By Catherine Duncan
Ethiopian adoption leads Sonja Simmons to establish school, change lives
Sonja Simmons (B.A. ’96) credits two Texas State University professors for capturing her imagination about political science and opening her eyes to the global world.
Those professors — Drs. Ken Grasso and Patricia Parent — inspired the teenage Simmons, who came from modest means and had never traveled. Neither professor would have guessed that by sparking one student’s interest in the bigger world, the lives of thousands of children in a developing nation would be forever changed. They helped launch her on a fascinating journey that continues today.
After earning her political science degree, Simmons worked for the Texas Legislature before moving to Washington, D.C., where she worked on Capitol Hill for 18 years. Today, she lives in Austin with her son, Davis, who was adopted from Ethiopia in 2008.
“I always knew I was going to build my family through adoption. Ethiopia is a gorgeous country with gorgeous people,” she says. “I felt so connected to the children there. They are all our children. I feel we all have a global responsibility.”
During the adoption process, Simmons saw firsthand the profound need by Ethiopian orphans for access to education. “At first, we just started out with the plan to create a library in Davis’ orphanage. We thought having books would be educational and entertaining.”
However, when Simmons returned in 2009, the previously empty room was housing more children. There was no room for a library. “We decided to distribute the books to all the orphanages. Then, we learned about an agency that had agreed to build a school but abandoned the project and the 98 kindergartners who had already signed up for school. The crude, three-room structure had dirt floors, no windows, and no electricity,” she says.
“They are all our children. I feel we all have a global responsibility.”
With friend Haleigh Haggerton Almquist, Simmons toured the site and together they decided to attempt to build on what little foundation there was to serve the 5- to 7-year-olds. They co-founded the Davis Moon Project School, which 10 years later now serves 2,000 students, ages 3 to 16 years. The nonprofit organization is 100% volunteer operated, and all donations go to the children.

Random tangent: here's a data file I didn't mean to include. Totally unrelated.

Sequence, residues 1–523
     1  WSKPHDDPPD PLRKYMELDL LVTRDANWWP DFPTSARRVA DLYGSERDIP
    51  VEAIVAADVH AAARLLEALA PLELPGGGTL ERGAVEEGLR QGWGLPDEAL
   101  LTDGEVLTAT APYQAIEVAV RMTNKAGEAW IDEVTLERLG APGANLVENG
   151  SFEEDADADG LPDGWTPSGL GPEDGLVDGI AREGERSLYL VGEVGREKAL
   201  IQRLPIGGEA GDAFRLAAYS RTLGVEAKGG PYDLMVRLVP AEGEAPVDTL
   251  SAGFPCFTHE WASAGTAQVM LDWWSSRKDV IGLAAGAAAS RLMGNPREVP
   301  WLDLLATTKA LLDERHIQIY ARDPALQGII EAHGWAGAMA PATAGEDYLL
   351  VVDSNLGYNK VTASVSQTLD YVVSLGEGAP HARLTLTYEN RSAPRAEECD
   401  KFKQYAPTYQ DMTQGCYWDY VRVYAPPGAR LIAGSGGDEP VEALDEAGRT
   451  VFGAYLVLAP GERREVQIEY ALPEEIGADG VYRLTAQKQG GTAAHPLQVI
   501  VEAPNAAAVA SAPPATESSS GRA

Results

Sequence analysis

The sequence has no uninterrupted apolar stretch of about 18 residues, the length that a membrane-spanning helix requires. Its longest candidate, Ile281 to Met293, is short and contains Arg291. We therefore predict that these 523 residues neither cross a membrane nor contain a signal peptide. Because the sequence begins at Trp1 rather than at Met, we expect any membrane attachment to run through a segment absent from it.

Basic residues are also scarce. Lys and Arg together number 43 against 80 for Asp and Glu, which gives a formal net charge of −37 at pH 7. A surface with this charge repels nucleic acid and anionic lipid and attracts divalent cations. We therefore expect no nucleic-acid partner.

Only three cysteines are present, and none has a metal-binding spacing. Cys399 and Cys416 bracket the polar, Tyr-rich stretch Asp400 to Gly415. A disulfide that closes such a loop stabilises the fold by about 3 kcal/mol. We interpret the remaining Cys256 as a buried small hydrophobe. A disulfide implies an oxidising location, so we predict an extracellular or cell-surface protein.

Simmons serves as president, and Almquist acts as executive director. The board of directors also includes Simmons’ college roommate, Anne Searcy-Edmund (B.S. ’93, M.A. ’04), whose degree in elementary education and graduate degree in counseling are invaluable in mission planning. Texas State marketing writer Rodney Crouther is a board member and also adopted a child from Ethiopia. Holden Haggerton (B.S. ’12), a Texas State geography graduate, is a volunteer who has traveled to Ethiopia to help with the project.
“We are proud that enrollment is almost equal: 49% boys and 51% girls. In public school there, 75% of students are male.”
“Individuals from Texas State are making a difference in children’s lives. I believe my experience at the university helped set me on this path,” Simmons says. “Being aware of the local politics in any community is imperative to pulling off a project on this scale. The skills I learned there earning my political science degree and during my career certainly make this all possible.”
The Davis Moon Project came along at an ideal time in Ethiopia, she explains. Education was becoming a priority for children, with girls in particular. “It is an amazing time to be in Ethiopia. We are proud that enrollment is almost equal: 49% boys and 51% girls. In public school there, 75% of students are male. Everyone has equal access to water, our meal program, and our facilities,” she says.
Simmons, who works as the registrar at Austin High School, says it is imperative that Davis, 13, sees that philanthropy is part of their family’s daily life. “Davis knows this is my project because it really spoke to me. One day he will find a way to give back that is meaningful to him. Charity isn’t a casual affair in our house.” ✪
For more information about this project, visit davismoonproject.org